Construction costs had spiraled upwards, fueled by the region’s real estate boom. This, combined with other construction delays and cost overruns, meant the district needed more money to complete its ambitious renovation program.
Voters had agreed back in 2002 to allow the district to borrow $198 million to bring state-of-the art facilities to 24 schools. But by 2008, the district was asking for $179 million more to finish the job.
Traditionally, school districts in California fund renovation programs by borrowing money from investors and paying back those loans with small increases in local property taxes.
That’s what Poway Unified’s first bond did in 2002. With California’s economy starting to warm up from the boom-and-bust of the late-1990s, voters approved the district bumping local property taxes up by $55 for every $100,000 of home value. That revenue was then tapped to pay off the district’s construction loans.
By 2008, however, the economy was in trouble. The real estate market had already been tanking for a couple of years. Stocks were sliding downwards and unemployment was on the rise.
It was a tough time to sell a tax increase to voters.
But with some Poway Unified residents still waiting for the renovations they had been promised back in 2002, the district decided to approach voters once more.
“We knew the voters wanted these projects, and we knew they wanted them sooner rather than later,” said Poway Superintendent John Collins.
This time, Poway Unified didn’t try to push a tax increase. Instead, it came up with a different way to pay for its new bond program, Proposition C.
Rather than increasing the tax rate, the district asked voters if they’d be willing to extend the life of the existing property taxes for an estimated additional 11 to 14 years.
That passed muster. Despite some vocal opposition, on Feb. 5, 2008, district residents voted 63.9 percent in favor of Poway Unified borrowing another $179 million.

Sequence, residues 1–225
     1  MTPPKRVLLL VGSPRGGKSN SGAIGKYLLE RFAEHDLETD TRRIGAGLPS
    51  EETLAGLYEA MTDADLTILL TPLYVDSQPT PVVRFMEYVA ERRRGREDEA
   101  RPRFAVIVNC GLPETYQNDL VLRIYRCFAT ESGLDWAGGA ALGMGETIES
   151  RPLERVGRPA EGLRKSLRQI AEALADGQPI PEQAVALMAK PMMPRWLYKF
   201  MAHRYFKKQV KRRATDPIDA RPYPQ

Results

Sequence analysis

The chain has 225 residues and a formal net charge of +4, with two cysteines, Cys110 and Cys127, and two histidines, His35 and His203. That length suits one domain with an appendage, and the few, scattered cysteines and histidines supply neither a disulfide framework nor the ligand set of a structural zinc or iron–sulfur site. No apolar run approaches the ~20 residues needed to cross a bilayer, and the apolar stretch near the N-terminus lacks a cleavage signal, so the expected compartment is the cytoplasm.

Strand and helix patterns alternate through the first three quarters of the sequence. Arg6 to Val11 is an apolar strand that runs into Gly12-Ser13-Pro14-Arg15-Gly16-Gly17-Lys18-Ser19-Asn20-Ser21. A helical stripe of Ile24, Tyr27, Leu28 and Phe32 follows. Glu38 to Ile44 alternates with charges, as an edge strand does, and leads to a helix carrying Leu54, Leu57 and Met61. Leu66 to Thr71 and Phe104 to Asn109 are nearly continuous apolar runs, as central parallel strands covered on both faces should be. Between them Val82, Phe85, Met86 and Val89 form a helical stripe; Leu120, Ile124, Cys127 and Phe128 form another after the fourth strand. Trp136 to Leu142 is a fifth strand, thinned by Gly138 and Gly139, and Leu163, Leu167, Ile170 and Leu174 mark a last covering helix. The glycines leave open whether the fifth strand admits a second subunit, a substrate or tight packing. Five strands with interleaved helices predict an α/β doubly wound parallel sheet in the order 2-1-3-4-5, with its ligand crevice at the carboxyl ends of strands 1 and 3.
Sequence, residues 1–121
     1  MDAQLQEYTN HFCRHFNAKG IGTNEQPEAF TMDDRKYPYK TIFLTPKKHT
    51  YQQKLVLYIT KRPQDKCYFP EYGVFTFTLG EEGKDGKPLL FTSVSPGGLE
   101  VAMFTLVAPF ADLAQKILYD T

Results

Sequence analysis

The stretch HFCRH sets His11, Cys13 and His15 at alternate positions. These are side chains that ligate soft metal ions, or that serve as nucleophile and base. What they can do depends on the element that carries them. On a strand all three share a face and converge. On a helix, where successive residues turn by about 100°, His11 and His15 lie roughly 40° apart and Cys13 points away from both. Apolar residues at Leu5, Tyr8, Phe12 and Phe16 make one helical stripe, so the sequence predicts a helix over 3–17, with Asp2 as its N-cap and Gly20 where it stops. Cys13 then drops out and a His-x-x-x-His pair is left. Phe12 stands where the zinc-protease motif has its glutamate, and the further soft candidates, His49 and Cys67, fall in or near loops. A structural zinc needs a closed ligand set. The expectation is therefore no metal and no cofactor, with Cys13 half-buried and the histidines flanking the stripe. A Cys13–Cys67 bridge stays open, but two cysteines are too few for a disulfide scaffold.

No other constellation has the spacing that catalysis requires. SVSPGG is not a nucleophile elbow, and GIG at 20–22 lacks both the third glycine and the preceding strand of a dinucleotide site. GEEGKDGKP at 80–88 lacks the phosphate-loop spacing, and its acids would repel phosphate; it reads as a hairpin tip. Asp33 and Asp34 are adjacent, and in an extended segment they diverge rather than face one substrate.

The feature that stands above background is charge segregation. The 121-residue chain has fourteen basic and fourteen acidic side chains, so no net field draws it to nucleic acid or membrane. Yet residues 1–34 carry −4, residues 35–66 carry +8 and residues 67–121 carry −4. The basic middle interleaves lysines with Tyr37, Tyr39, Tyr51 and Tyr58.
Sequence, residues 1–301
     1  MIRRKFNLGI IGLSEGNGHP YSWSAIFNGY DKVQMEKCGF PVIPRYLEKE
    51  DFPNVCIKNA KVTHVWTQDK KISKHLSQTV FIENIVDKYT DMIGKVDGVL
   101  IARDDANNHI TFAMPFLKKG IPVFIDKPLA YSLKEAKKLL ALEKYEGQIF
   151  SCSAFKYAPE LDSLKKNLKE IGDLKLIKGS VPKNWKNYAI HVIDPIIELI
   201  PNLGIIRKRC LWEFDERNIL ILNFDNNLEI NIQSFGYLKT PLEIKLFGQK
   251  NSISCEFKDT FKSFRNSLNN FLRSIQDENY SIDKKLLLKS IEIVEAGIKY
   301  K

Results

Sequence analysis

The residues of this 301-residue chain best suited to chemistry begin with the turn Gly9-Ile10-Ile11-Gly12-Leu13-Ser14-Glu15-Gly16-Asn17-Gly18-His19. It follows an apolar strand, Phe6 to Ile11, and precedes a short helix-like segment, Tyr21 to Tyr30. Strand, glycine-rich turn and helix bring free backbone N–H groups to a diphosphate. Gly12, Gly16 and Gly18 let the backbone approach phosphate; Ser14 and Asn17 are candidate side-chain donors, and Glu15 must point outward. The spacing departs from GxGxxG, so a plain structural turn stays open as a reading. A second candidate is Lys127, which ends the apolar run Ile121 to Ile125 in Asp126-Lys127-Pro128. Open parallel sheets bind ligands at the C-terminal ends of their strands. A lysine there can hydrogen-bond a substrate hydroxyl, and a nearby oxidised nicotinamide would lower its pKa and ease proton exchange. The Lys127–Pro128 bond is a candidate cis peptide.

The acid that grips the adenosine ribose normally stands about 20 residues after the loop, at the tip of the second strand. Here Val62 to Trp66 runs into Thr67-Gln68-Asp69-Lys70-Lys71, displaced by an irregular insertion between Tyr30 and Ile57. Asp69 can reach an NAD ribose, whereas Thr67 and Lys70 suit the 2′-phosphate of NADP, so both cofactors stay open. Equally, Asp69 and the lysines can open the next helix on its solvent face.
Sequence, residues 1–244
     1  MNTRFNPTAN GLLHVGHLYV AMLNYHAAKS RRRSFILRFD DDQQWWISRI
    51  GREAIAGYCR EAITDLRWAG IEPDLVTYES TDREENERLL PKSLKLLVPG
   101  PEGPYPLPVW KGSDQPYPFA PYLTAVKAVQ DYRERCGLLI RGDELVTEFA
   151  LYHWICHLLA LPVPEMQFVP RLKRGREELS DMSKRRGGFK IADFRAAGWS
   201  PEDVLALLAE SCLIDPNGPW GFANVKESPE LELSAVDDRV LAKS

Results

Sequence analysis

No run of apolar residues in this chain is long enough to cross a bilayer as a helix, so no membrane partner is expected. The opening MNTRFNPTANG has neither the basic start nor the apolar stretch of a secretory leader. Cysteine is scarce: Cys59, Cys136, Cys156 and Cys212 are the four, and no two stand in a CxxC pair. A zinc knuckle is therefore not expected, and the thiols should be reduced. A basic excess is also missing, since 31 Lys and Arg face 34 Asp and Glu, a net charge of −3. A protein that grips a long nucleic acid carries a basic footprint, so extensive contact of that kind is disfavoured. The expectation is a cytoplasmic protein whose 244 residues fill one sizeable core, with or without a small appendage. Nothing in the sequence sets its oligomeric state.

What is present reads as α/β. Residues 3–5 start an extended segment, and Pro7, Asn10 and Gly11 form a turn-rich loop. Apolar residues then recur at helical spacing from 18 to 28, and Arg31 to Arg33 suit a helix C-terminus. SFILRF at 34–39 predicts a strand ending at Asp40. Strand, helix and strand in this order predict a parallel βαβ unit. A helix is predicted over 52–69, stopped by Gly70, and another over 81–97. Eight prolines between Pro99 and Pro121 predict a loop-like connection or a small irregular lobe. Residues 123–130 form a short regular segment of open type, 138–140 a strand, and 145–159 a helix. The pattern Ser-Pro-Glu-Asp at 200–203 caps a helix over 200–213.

But the bond’s supporters hadn’t made clear to the public just how they planned to borrow money without raising taxes, or how much that would end up costing taxpayers.
In 2008, there wasn’t enough money coming in from the district’s $55 property tax levy to pay for all the new borrowing it wanted to do. All the cash being generated by the existing taxes was eaten up paying off old loans that had already been used for upgrading schools.
The district’s plan, then, was to borrow money against the future tax revenues it would receive by extending the life of the taxes. In other words, it would get the money now, but wouldn’t start paying it back for a long time.
Borrowing money in this way is possible for school districts, but it’s much more expensive than paying a loan back year-by-year.
Last year, the district put together its deal to borrow $105 million, without paying anything towards the debt for 20 years.
In two decades’ time, taxpayers will start paying about $50 million a year towards the loan. They’ll make those payments for the next 20 years or so.
It’s a bit like a massive version of one of those exotic loans that got homeowners into so much trouble.
With one key difference: For the next 20 years, Poway Unified isn’t even paying the interest.
‘If They Ever Told the Truth’
|Photo by Sam Hodgson|
|The headquarters of the Poway Unified School District.|
Poway officials say it’s important to look at the big picture.
Yes, last year’s bond is expensive, they say, but it’s just one part of a larger $540 million campaign that has totally revamped 24 local schools. They said the district has been an effective steward of the taxpayers’ money, and that the school board has the support of taxpayers, who understand the cost and implications of the latest deal.
But a voter reading the ballot statement for Proposition C in 2008 would have learned nothing about the overall cost of the deal the district was setting itself up for.
The full 2,200 word statement makes no mention of capital appreciation bonds, and says little about how the borrowing would be paid back. The ballot arguments against the bond don’t mention the unusually high costs involved in borrowing money that won’t begin to be paid back for 20 years.
The bond also had considerable cachet, thanks to a coveted endorsement from the San Diego County Taxpayers Association. Indeed, association President Lani Lutar’s name was first on a list of five local dignitaries named on the ballot as supporting the bond.